New Era (Windhoek)

Namibia: Church Unchains Mental Detainees

Rundu — The police have appealed to the Ministry of Health and Social Services to introduce more mental institutions in the Kavango Region following an exposé by New Era on several people incarcerated by the Apostolic Church outside Rundu.

Last week, New Era broke the story of a group of four Namibians and two Angolans who were chained to wooden posts by Reverend Moses Matyayi of the Apostolic Church on the grounds that they were "a danger to society."

The practice of incarcerating mental patients with chains padlocked to tree trunks and other objects has apparently been going on at the church for over a decade after the victims sought "spiritual healing" from Reverend Matyayi for mental and other illnesses.

After New Era broke the story, members of the police and social workers appalled by the illegal detentions intervened and ordered their immediate freedom on the grounds that the practice infringed on their human dignity.

But the police said Matyayi's actions though well-intentioned, were illegal. They say the situation was prompted partly by the fact that the country has only one psychiatric unit, denying many mentally challenged patients in the country access to proper mental health care.

The police also called on the Ministry of Health and Social Services to introduce psychiatric units in the Kavango Region and other regions situated far from Windhoek.

Deputy Police Commissioner Willie Bampton appealed to government to consider availing psychiatric units to regions to "avoid these types of cruel activities."

"As the police, we can really not allow people to be treated this way in a democratic Namibia, therefore we humbly appeal to the ministry of health to start making plans to build facilities in the regions that cater for mentally-ill people," said the deputy police commissioner.

The psychiatric unit in Windhoek cannot accommodate all people with mental disabilities in the country, hence it sometimes takes years before patients are even admitted, the deputy commissioner said.

"Whenever we have criminal cases involving mentally-ill patients it becomes a problem, because we do not have the facilities to detain such people. Sometimes we have no choice but to lock them up in cells all by themselves to avoid fights with other inmates," he said.

Last week Thursday, Bampton led police officials to the Sauyemwa informal settlement where they ordered the reverend of the church, Moses Matyayi, to unchain the mentally challenged patients.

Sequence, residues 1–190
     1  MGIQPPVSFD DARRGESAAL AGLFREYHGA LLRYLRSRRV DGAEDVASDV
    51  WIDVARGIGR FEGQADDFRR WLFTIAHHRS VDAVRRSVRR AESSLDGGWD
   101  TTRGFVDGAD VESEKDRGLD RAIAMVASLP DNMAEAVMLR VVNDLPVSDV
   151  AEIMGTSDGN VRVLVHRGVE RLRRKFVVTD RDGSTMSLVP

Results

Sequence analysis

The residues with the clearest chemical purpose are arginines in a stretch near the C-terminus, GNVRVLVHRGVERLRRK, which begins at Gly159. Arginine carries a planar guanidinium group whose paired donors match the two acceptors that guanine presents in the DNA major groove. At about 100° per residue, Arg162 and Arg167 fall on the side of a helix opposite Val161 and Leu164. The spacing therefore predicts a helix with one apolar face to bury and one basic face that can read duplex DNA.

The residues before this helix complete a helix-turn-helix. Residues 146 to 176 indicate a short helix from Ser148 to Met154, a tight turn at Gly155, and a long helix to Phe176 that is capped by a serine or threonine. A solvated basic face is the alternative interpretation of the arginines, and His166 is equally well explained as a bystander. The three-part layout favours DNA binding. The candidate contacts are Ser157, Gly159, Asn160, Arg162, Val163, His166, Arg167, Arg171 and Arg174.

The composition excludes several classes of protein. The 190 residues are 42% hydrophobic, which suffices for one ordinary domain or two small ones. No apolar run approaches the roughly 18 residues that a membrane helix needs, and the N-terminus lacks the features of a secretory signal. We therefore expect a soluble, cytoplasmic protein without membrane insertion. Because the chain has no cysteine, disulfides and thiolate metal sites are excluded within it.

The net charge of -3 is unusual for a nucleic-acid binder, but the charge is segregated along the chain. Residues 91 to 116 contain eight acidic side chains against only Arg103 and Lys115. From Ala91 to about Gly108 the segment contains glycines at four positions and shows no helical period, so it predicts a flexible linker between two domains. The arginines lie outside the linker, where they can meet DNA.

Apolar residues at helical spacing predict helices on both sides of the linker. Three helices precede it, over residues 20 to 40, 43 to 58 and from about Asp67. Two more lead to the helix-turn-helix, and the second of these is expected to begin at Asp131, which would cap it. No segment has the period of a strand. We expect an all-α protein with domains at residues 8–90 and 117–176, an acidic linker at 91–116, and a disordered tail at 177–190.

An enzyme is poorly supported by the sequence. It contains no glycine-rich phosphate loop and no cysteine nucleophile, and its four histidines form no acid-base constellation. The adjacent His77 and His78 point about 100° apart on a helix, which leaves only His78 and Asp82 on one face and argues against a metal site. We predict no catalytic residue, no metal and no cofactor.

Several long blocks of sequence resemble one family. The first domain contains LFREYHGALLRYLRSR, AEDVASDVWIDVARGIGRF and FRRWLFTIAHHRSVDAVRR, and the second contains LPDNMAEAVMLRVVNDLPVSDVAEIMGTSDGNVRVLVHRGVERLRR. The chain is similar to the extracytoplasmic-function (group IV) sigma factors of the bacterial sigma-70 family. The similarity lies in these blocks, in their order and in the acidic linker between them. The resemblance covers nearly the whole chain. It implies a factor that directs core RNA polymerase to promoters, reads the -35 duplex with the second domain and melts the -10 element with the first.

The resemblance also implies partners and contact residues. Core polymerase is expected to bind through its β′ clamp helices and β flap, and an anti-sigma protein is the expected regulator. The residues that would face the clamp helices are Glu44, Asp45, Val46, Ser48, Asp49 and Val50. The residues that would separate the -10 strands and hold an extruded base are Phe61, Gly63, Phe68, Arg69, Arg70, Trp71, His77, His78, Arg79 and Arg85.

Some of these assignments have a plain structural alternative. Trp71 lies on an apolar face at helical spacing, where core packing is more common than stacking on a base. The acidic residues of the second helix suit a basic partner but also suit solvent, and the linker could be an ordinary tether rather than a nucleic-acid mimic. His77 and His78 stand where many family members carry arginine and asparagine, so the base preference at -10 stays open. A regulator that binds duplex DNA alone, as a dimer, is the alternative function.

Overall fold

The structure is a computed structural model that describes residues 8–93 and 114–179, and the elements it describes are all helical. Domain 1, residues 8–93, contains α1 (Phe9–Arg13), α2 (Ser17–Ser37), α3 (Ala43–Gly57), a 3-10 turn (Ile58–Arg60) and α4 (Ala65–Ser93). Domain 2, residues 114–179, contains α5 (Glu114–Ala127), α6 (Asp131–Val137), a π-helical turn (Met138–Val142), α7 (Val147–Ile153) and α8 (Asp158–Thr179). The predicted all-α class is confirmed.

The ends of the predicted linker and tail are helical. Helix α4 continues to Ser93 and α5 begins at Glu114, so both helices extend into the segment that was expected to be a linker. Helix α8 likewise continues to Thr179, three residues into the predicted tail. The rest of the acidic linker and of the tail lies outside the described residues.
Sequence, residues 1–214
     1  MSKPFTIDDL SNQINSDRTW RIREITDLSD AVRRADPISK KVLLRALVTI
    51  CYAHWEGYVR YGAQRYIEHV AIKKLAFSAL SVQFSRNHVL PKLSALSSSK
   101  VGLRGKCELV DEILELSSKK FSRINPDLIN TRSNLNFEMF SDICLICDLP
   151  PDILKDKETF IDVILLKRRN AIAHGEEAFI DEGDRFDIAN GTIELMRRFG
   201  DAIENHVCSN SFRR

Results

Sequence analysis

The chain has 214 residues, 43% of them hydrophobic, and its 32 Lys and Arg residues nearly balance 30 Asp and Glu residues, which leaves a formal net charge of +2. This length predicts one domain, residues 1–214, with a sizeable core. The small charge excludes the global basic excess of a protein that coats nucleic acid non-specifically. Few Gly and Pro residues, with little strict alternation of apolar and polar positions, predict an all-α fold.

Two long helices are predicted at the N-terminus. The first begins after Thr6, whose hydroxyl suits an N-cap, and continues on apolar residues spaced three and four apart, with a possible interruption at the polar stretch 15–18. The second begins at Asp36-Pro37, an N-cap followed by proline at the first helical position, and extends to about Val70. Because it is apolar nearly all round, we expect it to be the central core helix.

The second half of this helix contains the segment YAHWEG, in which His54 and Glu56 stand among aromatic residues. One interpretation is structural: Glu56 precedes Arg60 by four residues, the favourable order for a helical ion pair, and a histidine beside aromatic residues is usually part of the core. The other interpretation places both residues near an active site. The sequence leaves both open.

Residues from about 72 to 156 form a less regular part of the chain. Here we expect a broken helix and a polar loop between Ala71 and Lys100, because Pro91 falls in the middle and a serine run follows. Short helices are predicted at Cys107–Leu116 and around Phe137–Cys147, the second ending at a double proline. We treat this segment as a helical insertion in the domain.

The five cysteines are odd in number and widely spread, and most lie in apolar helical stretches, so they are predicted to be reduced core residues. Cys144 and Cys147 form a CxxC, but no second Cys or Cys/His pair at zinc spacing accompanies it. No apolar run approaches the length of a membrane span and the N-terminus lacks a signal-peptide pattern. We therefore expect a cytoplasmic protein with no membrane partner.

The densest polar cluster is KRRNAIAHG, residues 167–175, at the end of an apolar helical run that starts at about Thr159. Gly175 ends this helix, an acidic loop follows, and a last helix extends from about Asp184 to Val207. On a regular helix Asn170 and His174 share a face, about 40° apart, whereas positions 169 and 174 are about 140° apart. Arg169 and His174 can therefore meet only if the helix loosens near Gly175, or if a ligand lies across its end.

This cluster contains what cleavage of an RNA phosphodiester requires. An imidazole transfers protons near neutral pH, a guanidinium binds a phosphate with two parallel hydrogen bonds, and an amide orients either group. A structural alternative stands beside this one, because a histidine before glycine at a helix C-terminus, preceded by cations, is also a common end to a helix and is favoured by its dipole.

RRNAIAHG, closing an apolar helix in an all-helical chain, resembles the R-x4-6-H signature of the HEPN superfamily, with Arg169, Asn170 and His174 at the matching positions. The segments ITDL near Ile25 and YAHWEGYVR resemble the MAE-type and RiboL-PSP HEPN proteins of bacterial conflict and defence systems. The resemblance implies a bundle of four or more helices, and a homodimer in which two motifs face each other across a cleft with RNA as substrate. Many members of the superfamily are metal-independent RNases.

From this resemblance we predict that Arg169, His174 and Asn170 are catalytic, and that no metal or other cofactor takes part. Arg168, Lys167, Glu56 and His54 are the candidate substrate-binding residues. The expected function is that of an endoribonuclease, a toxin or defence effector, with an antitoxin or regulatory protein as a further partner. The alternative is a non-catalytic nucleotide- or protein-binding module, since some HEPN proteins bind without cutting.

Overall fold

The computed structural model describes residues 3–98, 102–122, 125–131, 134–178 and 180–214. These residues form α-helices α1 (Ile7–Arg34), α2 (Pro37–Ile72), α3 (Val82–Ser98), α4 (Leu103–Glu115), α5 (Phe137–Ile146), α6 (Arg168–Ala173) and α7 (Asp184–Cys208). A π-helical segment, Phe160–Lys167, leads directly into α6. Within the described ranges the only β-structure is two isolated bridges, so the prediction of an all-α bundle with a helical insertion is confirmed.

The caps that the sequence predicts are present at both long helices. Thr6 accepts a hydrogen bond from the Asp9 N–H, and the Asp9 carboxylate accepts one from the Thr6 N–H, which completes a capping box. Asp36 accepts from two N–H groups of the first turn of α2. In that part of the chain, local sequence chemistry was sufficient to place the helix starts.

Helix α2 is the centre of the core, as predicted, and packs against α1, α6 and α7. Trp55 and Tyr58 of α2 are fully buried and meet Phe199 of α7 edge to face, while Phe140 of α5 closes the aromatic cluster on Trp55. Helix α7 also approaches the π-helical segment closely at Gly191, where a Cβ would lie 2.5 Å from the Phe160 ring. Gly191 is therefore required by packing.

Nine people were found chained to heavy metal objects and wooden posts. One of the patients said he had been detained for more than a year. Although Matyayi complied with the police, he refused to admit any wrongdoing.

"I have invited community leaders several times to come and visit the church so that they can assist and give me advice on how to go about the situation. They came and left without saying anything."

Reverend Matyayi told New Era during an interview that Herbert Shixwameni, during his time as the councilor for the Rundu Rural West Constituency, the Mbunza Traditional Chief Alfons Kaunda, the Regional Health Director Elizabeth Muremi, former Rundu Mayor Gosbert Sikerete and current Rundu Rural West councilor Rosa Kavara all visited the church, but they failed to do something.

The country was left in shock last week after New Era exclusively exposed the church-cum-clinic in Rundu and the goings-on there.

Meanwhile, the leadership of the New Apostolic Church in Namibia last Friday distanced itself from the incarceration of mentally ill patients by Matyayi.

"The New Apostolic Church has taken note of the reports in newspapers concerning the healing of mentally ill people. The church distances itself from such practices since this is definitely not part of how the New Apostolic Church functions, " stated Boniface Masholo Matengu, the District Elder and Administrative Controller of the New Apostolic Church in Namibia.

"The New Apostolic Church does not profess to be faith healers and make no claims to cure addictions of any sort. It is the principle of the New Apostolic Church to support organizations and institutions in the community that have professionally qualified people to deal with these problems," said the District Elder and Administrative Controller of the Church.

The New Apostolic Church confines its activities to spiritual worship and caring for its members socially.

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